TREAT EARLIER Study - Is MTX Intevention in Pre-Clinical RA Warranted? Save
Management of arthralgias before a certified rheumatoid arthritis (RA) diagnosis is challenging - should one use DMARD therapy before clinically evident synovitis in a preemptive effort to avoid or forestall the diagnosis or damage of RA? A novel study has shown that MTX initiated in subclinical, pre-diagnosed, arthralgia patients did not prevent the development of inflammatory arthritis, but did appear to modify the disease course (compared to placebo), as shown by serial MRI.
The TREAT EARLIER study was a randomised, double-blind, placebo-controlled, proof-of-concept-trial at the Leiden University Medical Centre, that enrolled adults with arthralgia for >12 weeks, seropositivity and clinically suspected of progressing to rheumatoid arthritis and MRI-detected subclinical joint inflammation. Patients were randomized (1:1) to receive to a single intramuscular glucocorticoid injection (120 mg) and a 1-year course of oral methotrexate (up to 25 mg/week), or placebo (single injection and PBO tablets for 1 year). Follow-up continued for 1 year after the end of the 1-year treatment period. The primary endpoint was development of inflammatory arthritis (fulfilling the 2010 rheumatoid arthritis classification criteria or involving two or more joints) that persisted for at least 2 weeks.
A total of 236 were enrolled (2015-2019) and randomized. After 2 years, achieving the primary endpoint (RA) was similar between the groups (19% MTX group vs 18% PBO group; hazard ratio 0·81, 95% CI 0·45 to 1·48).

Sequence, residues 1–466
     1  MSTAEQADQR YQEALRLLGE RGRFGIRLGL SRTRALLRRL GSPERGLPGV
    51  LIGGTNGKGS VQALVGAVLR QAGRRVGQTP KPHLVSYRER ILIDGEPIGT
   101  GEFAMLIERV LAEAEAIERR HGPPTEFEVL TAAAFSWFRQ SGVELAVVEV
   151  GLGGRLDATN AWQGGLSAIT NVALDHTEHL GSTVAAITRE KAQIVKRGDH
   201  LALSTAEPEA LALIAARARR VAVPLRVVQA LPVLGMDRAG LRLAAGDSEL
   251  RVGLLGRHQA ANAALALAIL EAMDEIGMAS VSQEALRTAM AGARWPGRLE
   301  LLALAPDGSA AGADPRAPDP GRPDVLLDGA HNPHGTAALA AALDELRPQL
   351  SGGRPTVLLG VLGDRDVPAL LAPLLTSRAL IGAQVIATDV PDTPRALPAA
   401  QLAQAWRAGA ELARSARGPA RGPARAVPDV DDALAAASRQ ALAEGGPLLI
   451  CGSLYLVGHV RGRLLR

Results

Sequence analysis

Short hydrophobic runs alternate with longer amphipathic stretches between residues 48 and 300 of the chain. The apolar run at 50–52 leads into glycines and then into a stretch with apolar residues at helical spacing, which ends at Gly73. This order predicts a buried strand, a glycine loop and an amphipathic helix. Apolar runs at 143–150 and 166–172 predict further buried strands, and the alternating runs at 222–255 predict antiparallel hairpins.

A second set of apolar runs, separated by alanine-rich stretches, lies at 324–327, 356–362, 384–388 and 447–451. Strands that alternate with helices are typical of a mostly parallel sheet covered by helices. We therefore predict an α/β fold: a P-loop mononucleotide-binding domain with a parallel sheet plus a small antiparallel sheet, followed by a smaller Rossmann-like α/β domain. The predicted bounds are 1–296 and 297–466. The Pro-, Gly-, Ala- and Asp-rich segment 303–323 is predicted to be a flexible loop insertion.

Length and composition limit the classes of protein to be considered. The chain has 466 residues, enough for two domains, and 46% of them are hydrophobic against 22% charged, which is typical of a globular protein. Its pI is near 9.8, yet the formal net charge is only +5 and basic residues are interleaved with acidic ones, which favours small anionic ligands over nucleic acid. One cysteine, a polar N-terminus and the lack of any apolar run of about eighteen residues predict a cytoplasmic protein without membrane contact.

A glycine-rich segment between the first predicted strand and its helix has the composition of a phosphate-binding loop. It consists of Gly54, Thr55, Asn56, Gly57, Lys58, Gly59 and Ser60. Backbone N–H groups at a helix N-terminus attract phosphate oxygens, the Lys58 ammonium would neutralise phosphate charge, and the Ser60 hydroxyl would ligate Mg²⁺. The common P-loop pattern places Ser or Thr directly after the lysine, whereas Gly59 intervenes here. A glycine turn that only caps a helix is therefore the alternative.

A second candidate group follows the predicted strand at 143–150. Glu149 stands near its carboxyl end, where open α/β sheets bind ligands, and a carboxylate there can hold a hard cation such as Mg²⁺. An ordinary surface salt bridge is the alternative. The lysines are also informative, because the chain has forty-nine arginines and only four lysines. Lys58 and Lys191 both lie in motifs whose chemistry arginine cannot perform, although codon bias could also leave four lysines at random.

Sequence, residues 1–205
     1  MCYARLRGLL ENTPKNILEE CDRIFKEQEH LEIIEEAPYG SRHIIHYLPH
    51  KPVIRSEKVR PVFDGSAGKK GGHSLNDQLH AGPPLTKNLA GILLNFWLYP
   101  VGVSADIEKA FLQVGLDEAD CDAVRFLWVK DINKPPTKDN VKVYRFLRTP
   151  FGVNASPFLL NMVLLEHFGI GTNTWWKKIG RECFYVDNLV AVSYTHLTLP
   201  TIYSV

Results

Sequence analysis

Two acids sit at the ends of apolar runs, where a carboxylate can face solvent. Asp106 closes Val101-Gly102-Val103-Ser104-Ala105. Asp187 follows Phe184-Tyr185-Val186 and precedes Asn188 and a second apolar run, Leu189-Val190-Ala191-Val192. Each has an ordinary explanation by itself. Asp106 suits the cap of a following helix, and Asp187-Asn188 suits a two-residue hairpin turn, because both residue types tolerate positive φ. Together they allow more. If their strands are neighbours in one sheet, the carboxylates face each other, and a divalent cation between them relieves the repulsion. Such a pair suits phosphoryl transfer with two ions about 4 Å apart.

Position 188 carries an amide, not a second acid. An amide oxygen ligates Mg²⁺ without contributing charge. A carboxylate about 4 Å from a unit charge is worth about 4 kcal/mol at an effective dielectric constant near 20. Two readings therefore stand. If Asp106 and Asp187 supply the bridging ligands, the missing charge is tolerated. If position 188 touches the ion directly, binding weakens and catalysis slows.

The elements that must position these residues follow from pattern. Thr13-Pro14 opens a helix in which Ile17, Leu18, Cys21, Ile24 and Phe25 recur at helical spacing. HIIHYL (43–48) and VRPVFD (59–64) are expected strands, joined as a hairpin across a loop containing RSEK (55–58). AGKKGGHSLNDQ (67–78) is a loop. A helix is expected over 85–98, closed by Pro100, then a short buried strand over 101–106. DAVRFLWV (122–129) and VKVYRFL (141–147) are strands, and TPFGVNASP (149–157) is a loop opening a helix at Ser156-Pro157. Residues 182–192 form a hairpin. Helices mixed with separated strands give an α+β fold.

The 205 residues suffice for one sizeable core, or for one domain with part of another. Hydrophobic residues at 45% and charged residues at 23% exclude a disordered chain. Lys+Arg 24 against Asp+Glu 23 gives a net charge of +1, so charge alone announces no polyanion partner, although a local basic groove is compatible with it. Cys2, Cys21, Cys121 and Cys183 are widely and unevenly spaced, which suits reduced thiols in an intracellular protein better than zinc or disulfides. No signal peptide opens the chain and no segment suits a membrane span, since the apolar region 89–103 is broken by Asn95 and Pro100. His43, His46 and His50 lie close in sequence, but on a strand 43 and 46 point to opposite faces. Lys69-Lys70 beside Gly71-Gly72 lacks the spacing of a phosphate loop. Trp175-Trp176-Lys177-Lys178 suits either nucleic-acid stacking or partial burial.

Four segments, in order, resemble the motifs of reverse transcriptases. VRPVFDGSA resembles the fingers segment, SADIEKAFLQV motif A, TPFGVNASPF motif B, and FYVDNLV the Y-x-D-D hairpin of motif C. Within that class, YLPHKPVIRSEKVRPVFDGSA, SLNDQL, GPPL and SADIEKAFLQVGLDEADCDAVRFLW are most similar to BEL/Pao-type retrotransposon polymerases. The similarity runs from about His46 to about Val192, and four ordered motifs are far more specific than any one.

Yet there were differential responses that improved in the first 4 months and remained better than in the placebo group over 2 years; including:
- Health Assessment Questionnaire disability index: –0·09, 95% CI –0·16 to –0·03; p=0·0042)
- Pain (scale 0–100): mean between-group difference: –8, 95% CI –12 to –4; p<0·0001)
- Morning stiffness (–12, –16 to –8; p<0·0001)
- Presenteeism (–8%, –13 to –3; p=0·0007)
- MRI-detected joint inflammation (–1·4 points, –2·0 to –0·9; p<0·0001)
- All favored the MTX treated patients compared to the placebo group.
The number of serious adverse events was equal in both groups; adverse events were consistent with the known safety profile for methotrexate.
Similar to the PROMPT study, early use of MTX in pre-clinical or undifferentiated arthralgia patients did not change the primary outcome of developing future RA. Yet, these data show that several measures were improved over the long term suggesting some degree of disease modification.
But is this enough improvement in some (but not key) parameters to warrant DMARD intervention in the earliest stages of disease?